Nathan Wilmers, a sociology Ph.D. candidate at Harvard, looked at how the growing impact of wealthy consumers is reshaping the economy and wages. Others have termed this phenomenon “the plutonomy,” or an economy in which earnings and spending are dominated by those at the top.
Consumer spending by the top 5 percent of households has grown 5.2 percent a year since 1989, while spending by the bottom 95 percent has grown at 2.8 percent, Wilmers said. In the past, economists have estimated that the top 5 percent of consumers account for nearly 40 percent of consumption…
Wilmers said that “the increased influence of these consumers sets up big rewards for businesses that create and sell the sorts of products the affluent want.” Specifically, he looks at salaries for butlers, wine producers, Realtors, lawyers and bankers and found that those who are best at their professions and excel at skills valued by the wealthy have the highest wages.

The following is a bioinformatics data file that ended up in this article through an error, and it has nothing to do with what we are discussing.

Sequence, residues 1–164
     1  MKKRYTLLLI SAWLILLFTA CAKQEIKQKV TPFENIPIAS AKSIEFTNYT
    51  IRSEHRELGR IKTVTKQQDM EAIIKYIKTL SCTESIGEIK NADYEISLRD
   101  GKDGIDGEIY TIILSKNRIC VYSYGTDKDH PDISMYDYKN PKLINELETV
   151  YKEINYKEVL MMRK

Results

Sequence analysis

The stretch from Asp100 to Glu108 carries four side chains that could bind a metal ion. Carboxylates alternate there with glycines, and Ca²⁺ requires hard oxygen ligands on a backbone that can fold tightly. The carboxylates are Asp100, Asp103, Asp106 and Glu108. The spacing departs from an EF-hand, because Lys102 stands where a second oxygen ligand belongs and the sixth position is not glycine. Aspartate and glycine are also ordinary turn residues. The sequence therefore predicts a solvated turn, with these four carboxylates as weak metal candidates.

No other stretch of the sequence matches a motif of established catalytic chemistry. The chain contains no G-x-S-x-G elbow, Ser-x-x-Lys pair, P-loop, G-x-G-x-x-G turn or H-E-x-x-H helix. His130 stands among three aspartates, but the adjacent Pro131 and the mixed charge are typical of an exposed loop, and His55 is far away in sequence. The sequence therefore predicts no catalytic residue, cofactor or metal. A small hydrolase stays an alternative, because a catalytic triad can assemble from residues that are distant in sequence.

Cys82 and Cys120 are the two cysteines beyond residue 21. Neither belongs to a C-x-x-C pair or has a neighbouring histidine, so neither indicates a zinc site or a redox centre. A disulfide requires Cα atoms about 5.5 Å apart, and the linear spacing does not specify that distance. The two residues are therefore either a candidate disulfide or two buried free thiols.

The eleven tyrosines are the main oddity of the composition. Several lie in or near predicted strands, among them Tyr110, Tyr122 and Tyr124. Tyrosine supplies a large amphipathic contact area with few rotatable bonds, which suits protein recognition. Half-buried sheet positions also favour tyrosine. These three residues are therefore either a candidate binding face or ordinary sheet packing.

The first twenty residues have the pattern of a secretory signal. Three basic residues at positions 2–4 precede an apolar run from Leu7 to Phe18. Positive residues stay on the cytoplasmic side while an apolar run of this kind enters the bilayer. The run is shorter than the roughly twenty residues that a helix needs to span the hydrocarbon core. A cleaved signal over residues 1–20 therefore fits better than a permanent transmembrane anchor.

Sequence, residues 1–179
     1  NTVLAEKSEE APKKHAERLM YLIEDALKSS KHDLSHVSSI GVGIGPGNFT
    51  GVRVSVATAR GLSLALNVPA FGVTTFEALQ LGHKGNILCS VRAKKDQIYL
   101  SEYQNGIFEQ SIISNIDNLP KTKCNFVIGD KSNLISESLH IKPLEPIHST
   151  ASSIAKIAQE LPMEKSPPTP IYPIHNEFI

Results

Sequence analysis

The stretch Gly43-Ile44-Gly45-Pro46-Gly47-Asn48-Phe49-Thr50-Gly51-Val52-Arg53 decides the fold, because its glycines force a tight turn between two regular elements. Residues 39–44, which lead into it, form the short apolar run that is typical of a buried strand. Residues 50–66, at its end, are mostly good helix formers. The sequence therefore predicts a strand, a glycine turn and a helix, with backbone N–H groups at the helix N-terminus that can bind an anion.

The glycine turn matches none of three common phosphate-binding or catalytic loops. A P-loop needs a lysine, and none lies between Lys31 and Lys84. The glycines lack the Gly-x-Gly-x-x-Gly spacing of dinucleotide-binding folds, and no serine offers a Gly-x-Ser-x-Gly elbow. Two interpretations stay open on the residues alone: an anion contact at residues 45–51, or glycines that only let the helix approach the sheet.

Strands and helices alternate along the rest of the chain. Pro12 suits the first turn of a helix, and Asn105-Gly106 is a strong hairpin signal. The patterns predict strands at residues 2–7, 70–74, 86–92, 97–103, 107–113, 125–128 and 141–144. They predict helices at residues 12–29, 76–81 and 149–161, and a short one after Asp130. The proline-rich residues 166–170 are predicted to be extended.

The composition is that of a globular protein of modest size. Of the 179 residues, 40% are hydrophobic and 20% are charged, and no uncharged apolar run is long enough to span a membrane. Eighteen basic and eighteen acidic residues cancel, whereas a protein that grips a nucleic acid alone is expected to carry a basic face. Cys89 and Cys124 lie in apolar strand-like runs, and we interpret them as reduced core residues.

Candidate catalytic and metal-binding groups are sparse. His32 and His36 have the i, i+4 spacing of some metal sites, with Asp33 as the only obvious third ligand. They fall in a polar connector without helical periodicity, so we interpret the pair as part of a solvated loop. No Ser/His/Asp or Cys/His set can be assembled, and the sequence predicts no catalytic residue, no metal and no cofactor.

Even within the same industry—say, law or household staff—people hired by wealthy patrons make more than those that serve the middle class or affluent. Companies favored by wealthy consumers also have higher margins (as anyone who’s looked at Hermes profits in Birkin bags can attest).
A few thoughts:
1. At what point does the market become saturated with people and businesses trying to sell to the wealthy?
2. Some historical context would be helpful here. How much does this differ from previous eras? It makes sense that the wealthy consume more but is this significantly different than a few decades ago?
3. Isn’t this a reasonable outcome for a capitalistic system? If you want to make money, you want to find consumers who can pay for your products. Having smaller profit margins may provide for a need or exhibit altruism but a purely profit-motivated firm would seek out the wealthy.